I will now spend some time RTing tweets where David Weston told everyone the organisation would be teacher led.

Because that’s how I roll.

Update (Also 6/10/2018):

A friend just found me these tweets. It would appear that Hannah Wilson’s school (I assume she is speaking for her school) did indeed pay membership fees. Both she (the executive headteacher) and Julie Hunter, her deputy head were elected. How can this kind of advantage, unavailable to classroom teachers, possibly be justified?


Permanent exclusions are necessary

October 6, 2018

Back in May, I wrote a post, If we are not careful, history will repeat itself on exclusions, arguing that complaints about a rise in permanent exclusions were something we had seen before, and were misguided.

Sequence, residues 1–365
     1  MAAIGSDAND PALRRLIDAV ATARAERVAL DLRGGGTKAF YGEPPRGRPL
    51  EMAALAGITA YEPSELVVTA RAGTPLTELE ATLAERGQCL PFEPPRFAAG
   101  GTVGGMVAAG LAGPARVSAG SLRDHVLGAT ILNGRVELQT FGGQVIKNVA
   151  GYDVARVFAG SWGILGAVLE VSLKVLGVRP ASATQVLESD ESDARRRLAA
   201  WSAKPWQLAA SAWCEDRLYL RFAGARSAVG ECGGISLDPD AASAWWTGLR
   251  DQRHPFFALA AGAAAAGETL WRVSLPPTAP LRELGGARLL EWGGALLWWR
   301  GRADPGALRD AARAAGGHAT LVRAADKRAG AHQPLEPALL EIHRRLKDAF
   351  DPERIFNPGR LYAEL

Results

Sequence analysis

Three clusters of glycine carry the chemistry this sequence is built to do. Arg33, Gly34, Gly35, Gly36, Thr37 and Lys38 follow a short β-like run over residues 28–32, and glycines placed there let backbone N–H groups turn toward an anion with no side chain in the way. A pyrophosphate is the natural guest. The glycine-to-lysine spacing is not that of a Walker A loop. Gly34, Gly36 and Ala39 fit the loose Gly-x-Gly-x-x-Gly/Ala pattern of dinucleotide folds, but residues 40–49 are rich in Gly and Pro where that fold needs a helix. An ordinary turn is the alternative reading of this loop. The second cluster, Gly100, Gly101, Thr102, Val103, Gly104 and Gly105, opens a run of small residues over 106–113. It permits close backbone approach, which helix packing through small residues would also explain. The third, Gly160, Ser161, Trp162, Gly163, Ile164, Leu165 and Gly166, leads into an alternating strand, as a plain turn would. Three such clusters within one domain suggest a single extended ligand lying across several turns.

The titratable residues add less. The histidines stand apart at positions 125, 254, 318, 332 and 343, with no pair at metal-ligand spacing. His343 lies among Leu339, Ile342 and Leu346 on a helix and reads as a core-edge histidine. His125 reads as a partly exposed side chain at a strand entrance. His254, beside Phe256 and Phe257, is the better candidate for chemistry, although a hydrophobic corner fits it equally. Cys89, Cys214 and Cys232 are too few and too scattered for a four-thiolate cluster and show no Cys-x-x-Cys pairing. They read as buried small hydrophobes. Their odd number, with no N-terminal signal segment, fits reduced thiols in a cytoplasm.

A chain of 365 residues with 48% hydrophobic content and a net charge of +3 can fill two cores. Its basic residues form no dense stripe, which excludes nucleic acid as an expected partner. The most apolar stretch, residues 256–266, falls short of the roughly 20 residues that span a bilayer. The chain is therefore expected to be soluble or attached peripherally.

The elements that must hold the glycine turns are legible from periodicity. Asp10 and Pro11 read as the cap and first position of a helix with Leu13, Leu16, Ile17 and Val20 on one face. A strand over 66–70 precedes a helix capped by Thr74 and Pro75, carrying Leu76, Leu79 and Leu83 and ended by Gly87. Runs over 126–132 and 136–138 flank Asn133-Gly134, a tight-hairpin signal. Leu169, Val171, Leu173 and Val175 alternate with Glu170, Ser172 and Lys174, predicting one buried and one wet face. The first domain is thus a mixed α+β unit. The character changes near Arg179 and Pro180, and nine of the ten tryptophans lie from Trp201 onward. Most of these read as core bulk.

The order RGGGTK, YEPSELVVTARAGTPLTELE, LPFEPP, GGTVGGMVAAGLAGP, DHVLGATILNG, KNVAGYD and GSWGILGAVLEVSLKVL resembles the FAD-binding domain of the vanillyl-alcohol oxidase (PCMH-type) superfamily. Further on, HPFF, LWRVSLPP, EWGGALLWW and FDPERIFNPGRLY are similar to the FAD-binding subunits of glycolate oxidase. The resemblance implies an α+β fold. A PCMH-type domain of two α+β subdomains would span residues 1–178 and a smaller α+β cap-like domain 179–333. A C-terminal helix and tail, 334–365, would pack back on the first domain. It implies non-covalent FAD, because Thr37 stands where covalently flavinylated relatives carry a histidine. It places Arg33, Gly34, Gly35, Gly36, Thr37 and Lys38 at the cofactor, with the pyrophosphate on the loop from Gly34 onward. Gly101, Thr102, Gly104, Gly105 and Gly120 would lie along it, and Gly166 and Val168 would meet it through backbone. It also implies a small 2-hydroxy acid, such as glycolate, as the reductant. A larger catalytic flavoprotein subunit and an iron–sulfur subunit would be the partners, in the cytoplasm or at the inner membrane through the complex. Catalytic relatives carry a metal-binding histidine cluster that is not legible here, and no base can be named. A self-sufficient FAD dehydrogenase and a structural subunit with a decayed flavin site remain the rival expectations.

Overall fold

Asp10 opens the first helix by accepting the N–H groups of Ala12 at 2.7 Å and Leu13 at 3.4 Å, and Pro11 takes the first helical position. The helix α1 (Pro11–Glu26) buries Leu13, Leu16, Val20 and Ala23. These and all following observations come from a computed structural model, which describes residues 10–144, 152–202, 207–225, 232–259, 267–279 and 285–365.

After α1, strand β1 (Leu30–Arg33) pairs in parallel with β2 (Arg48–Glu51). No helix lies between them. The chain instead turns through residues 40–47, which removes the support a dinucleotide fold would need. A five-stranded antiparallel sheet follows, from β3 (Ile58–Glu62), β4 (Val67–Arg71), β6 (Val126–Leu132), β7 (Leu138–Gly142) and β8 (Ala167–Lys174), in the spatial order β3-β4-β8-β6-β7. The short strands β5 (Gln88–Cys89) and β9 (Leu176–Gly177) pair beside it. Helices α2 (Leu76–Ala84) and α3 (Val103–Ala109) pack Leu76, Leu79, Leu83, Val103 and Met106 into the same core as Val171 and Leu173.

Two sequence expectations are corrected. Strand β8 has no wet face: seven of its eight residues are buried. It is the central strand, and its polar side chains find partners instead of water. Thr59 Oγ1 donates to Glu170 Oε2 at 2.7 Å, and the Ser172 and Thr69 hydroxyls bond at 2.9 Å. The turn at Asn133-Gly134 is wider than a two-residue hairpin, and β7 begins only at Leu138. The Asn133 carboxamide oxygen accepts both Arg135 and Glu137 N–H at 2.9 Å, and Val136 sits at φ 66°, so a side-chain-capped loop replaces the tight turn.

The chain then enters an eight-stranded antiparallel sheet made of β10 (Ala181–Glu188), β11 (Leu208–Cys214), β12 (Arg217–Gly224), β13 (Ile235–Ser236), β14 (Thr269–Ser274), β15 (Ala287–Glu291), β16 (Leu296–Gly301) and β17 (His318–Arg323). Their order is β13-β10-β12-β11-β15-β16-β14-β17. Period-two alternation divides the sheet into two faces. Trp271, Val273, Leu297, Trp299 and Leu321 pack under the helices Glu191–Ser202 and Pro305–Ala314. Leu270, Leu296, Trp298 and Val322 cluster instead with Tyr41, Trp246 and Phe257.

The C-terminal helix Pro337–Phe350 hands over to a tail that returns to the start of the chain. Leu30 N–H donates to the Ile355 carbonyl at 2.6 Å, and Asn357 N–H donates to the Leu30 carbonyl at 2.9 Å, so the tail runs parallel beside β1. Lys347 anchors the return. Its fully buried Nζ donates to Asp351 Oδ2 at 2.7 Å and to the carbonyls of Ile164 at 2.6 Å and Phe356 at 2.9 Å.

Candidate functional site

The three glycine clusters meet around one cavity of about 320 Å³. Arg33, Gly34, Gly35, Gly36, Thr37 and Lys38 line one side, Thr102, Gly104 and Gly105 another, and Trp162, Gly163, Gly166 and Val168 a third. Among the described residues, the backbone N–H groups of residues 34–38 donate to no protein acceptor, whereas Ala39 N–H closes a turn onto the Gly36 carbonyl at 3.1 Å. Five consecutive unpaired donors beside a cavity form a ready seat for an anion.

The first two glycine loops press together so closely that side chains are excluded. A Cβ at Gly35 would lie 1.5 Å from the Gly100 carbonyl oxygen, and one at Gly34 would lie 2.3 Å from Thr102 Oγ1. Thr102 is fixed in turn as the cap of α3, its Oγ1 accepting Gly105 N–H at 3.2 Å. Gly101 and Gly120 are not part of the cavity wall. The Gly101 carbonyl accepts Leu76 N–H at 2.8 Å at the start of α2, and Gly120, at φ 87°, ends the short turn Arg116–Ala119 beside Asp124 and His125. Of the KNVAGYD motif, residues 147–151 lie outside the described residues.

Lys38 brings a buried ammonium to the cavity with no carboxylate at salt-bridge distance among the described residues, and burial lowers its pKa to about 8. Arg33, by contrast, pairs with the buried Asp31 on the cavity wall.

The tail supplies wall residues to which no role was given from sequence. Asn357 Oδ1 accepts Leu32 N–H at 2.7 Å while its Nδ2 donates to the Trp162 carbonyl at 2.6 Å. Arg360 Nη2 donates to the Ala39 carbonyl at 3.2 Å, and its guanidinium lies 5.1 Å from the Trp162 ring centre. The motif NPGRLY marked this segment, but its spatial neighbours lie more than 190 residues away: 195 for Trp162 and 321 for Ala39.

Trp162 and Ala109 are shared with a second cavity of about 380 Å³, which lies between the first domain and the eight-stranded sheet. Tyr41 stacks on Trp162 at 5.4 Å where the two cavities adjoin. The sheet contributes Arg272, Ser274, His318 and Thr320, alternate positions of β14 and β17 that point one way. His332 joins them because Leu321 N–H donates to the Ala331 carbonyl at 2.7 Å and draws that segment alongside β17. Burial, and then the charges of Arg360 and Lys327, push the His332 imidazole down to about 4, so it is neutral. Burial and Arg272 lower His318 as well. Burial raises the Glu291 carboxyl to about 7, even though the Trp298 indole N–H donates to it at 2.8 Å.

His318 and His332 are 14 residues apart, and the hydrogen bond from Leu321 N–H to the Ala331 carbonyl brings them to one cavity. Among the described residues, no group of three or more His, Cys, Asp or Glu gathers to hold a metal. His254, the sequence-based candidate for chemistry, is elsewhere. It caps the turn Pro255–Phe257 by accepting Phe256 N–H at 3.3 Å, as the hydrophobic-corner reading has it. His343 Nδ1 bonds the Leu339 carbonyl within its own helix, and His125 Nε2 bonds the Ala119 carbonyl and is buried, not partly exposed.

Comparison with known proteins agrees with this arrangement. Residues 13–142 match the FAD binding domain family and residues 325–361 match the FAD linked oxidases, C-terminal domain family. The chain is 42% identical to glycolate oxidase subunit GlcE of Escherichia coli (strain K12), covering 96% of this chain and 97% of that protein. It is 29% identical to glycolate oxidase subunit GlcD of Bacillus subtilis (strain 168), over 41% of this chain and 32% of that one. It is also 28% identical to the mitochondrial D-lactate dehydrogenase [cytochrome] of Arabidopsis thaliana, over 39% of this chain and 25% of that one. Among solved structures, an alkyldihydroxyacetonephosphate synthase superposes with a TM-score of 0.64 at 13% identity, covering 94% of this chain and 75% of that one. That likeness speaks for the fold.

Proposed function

I made the following points:

  1. Exclusion is a last resort. No school casually uses permanent exclusions. Nobody who doesn’t work in a school needs to tell us this is how it should be. This is not the same as it being a bad thing or showing a school doesn’t care.
  2. Permanent exclusions are necessary for the safety of children and teachers. The stories of what happens when schools don’t exclude are horrific. Anyone suggesting exclusions should be reduced, should explain exactly why more assaults, vandalism, dangerous behaviour and disruption should be tolerated. And if they are not willing to work in a dangerous environment themselves, or send their own kids into one, they should explain why they think it’s okay for teachers and okay for everyone else’s children to be put at risk.